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Kalpakam Swaminathan Weaves Divine Spell On New Jersey Rasikas
Kalpagam Swaminathan with Palghat Rajamani (Bhavani Rao in the background) Kalpagam Swaminathan (Veena); Palghat Rajamani (Mridangam)
Viriboni - Bhairavi - Adiappa - Usi thalam
Panchamathanga - Malahari - Dikshitar (S)
Yochana - Darbar - Thyagaraja (R)
Thyagarajaya Namasthe - Begada - Dikshitar (R, S)
Purahara Nandana - HameerKalyani - Dikshitar (R)
Inkevarunnaru - Sahana - Annaswamy Sastri (R, S, followed by Thani)
Meenakshi Memudham - Poorvikalyani - Dikshitar (R, T)
Sree Subramanyo - Thodi - Dikshitar (R)
Viswanathena - Samantha - Dikshitar (R, S)
Sree Venugopala - Kuranji - Dikshitar
Pranatharthi Haram Aham - Chenjuruti - Mysore Vasudevachar (R)
Ambara Chidambara - Surati - Gopalakrishna Bharathi (R)

When Dikshitar composed "Veena Pusthaka Dharini", he had in mind the celestial Saraswathi. Some times, Gods come down to earth taking a human form, so that mortals can feel the divine right here. Saraswathi is no exception, and listening to the octogenarian Kalpagam Swaminathan, la grande dame de Veena, one can't help but feel that we are being enthralled by a divine presence. As a friend of mine put it so aptly at the end of the concert, "I will talk to you later. I don't want this trance to be broken!"

It could almost be called a miracle when some rasikas, against all odds, managed to organize a house concert in New Jersey on March 30, 2008. This could also be termed an historic event, when, for the first time, on a sunny spring morning, the stage in the basement of a house in NJ was adorned by two great musicians in their respective fields - Kalpagam Swaminathan, on the Veena, and Palghat Rajamani, on the Mridangam.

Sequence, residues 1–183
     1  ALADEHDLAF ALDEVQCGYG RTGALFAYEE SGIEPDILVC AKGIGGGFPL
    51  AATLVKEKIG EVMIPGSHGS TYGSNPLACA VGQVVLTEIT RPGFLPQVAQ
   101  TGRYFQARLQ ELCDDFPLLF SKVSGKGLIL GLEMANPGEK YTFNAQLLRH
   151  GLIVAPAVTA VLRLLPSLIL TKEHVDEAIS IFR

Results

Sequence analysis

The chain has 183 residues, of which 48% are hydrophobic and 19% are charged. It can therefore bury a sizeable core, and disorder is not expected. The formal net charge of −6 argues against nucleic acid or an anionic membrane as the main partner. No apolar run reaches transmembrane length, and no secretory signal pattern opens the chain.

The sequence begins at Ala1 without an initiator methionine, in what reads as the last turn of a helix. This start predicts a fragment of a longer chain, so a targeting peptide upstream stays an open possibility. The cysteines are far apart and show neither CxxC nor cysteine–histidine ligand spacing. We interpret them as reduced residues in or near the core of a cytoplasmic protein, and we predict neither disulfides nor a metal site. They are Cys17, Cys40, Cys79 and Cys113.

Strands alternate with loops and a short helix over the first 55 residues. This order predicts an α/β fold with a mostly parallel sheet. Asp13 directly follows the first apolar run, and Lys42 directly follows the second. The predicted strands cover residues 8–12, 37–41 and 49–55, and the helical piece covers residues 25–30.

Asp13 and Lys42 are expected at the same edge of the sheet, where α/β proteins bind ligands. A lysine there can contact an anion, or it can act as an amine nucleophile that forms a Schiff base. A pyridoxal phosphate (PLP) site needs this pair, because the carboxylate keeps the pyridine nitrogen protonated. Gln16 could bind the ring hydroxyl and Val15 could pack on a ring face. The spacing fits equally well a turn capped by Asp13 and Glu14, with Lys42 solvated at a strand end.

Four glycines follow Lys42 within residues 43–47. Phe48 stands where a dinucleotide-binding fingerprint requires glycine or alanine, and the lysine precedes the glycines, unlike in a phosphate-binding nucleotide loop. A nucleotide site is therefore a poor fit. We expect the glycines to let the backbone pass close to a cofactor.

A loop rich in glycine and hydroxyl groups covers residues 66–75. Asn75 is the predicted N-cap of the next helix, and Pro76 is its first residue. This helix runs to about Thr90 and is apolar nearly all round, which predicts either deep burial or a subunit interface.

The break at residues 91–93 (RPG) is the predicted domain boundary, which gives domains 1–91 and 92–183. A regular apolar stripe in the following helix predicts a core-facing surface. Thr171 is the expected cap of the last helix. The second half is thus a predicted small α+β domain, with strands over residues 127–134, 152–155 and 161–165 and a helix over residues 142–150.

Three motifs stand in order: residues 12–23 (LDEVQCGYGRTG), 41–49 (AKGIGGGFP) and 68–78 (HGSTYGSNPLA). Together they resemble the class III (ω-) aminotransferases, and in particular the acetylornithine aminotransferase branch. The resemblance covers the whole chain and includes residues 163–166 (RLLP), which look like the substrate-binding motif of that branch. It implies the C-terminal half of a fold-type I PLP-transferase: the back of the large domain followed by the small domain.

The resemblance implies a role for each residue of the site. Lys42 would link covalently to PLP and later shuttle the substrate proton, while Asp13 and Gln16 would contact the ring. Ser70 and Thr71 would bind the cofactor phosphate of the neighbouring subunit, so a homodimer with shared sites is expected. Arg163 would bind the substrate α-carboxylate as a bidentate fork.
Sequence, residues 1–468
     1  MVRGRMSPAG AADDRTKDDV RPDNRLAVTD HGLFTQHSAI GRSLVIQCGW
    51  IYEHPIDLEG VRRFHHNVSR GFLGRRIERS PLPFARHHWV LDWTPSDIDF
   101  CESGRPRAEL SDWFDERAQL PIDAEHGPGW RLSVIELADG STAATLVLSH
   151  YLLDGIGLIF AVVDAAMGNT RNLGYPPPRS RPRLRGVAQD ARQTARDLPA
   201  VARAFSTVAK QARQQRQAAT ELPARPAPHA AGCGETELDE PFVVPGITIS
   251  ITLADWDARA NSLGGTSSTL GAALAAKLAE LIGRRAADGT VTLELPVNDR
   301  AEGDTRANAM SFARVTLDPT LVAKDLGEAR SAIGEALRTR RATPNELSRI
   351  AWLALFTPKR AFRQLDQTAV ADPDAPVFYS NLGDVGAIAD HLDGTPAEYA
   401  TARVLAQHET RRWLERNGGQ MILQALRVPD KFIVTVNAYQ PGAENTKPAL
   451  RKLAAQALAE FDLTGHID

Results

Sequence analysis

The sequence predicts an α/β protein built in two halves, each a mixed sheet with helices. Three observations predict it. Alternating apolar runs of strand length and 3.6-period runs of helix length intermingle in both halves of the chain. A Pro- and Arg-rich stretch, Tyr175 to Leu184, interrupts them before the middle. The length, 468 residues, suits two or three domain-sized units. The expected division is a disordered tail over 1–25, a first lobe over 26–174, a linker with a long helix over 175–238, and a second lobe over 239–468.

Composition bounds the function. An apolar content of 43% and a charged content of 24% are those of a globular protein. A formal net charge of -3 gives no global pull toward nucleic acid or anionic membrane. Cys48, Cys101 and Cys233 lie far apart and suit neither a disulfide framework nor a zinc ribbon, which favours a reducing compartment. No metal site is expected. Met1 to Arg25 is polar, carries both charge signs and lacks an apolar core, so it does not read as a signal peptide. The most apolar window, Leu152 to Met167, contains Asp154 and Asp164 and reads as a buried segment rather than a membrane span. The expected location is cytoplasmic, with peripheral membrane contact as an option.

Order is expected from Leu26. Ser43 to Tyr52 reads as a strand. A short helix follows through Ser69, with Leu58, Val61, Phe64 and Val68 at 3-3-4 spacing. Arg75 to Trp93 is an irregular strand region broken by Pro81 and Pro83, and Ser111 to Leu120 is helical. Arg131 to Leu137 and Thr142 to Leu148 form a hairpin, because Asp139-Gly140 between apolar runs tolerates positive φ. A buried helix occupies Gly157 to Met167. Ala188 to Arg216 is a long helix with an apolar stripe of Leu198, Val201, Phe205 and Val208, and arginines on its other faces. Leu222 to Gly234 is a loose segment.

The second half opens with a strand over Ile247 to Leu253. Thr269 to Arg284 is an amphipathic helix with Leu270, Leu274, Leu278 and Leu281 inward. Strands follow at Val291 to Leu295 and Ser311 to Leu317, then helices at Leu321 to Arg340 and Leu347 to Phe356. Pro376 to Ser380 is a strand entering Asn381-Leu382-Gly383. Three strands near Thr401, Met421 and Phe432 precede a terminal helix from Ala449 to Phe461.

The concert started with a majestic rendition of Viriboni varnam. Kalpagam Swaminathan, at the end of the concert, gave almost a mini lec-dem on the laya aspect of this piece, and what she had learnt about it from Mysore Vasudevachar. The rest of the concert almost turned out to be a Dikshitar retrospect (after all, who is better qualified to do this?). The second piece, Panchamatanga in Malahari, was delicately nuanced, bringing out the rich melody of this pleasing raga. After a brief alapana in Darbar, followed by Thyagaraja's Yochana, it was back to Dikshitar.

For those present, this meant exposure to the authentic pathanthara of Dikshitar krithis. Kalpakam Swaminathan's singing of some phrases as she played on was further evidence of the veena tradition of Dikshitar. Begada and Sahana are rakthi ragas, which contain the essence of Carnatic music. Kalpagam Swaminathan, performing some of the "pracheena" phrases in these ragas, brought sheer delight to the assembled rasikas. Thyagarajaya Namasthe was rendered in the leisurely style with all the grandeur of Begada.

The artiste must have a fondness for Hamir Kalyani. The raga interpretation and the kriti rendering were truly out of this world (she played the same raga, but a different kriti in Cleveland, to the great delight of the audience there). One can only wonder at the vastness of Kalpakam Swaminathan's repertoire.

The Sahana piece composed by the grandson of Shyama Sastri was a gift to the rasikas assembled. The succeeding kritis, all composed by Dikshithar, were played with a vistharam, befitting the quality of the composer's works, with authenticity and authority. Both Viswanathena (Samantha) and Sree Venugopala (Kuranji) were rasikas' choice. It was truly incredible to believe that a rarely heard raga like Samantha is capable of such a raga elaboration and swarakalpana. Pranatharthi Haram (Chenjuruti), perhaps, learnt directly from the composer was beyond description.

The availability of Vidwan Palghat Rajamani on that day to accompany Kalpagam Swaminathan was indeed a blessing from above. The music of a Vidhushi of her caliber, with percussion support from mridangam Vidwan Rajamani can be termed a perfect match.

The assembled rasikas were enthralled by Rajamani's percussion accompaniment, with the thani a treat that they were looking forward to.